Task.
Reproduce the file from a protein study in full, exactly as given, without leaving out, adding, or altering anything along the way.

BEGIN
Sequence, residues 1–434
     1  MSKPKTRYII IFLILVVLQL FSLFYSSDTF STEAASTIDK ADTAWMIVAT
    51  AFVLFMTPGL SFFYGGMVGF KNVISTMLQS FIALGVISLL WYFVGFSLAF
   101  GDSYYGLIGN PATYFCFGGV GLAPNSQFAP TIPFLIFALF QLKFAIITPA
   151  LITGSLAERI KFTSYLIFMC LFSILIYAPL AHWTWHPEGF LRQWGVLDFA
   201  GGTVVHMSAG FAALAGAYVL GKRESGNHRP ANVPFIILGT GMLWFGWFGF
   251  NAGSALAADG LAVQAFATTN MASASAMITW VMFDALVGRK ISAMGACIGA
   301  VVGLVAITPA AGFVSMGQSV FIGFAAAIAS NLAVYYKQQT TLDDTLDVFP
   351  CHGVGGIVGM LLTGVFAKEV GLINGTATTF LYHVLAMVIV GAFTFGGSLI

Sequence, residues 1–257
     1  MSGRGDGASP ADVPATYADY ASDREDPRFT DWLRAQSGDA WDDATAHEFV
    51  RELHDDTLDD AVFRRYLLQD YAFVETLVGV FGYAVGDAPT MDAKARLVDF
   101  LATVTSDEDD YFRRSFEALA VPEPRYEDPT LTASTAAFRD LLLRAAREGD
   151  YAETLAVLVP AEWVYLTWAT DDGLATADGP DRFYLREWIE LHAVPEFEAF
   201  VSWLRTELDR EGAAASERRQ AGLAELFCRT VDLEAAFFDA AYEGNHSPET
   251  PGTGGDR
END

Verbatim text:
Sequence, residues 1–434
     1  MSKPKTRYII IFLILVVLQL FSLFYSSDTF STEAASTIDK ADTAWMIVAT
    51  AFVLFMTPGL SFFYGGMVGF KNVISTMLQS FIALGVISLL WYFVGFSLAF
   101  GDSYYGLIGN PATYFCFGGV GLAPNSQFAP TIPFLIFALF QLKFAIITPA
   151  LITGSLAERI KFTSYLIFMC LFSILIYAPL AHWTWHPEGF LRQWGVLDFA
   201  GGTVVHMSAG FAALAGAYVL GKRESGNHRP ANVPFIILGT GMLWFGWFGF
   251  NAGSALAADG LAVQAFATTN MASASAMITW VMFDALVGRK ISAMGACIGA
   301  VVGLVAITPA AGFVSMGQSV FIGFAAAIAS NLAVYYKQQT TLDDTLDVFP
   351  CHGVGGIVGM LLTGVFAKEV GLINGTATTF LYHVLAMVIV GAFTFGGSLI

Sequence, residues 1–257
     1  MSGRGDGASP ADVPATYADY ASDREDPRFT DWLRAQSGDA WDDATAHEFV
    51  RELHDDTLDD AVFRRYLLQD YAFVETLVGV FGYAVGDAPT MDAKARLVDF
   101  LATVTSDEDD YFRRSFEALA VPEPRYEDPT LTASTAAFRD LLLRAAREGD
   151  YAETLAVLVP AEWVYLTWAT DDGLATADGP DRFYLREWIE LHAVPEFEAF
   201  VSWLRTELDR EGAAASERRQ AGLAELFCRT VDLEAAFFDA AYEGNHSPET
   251  PGTGGDR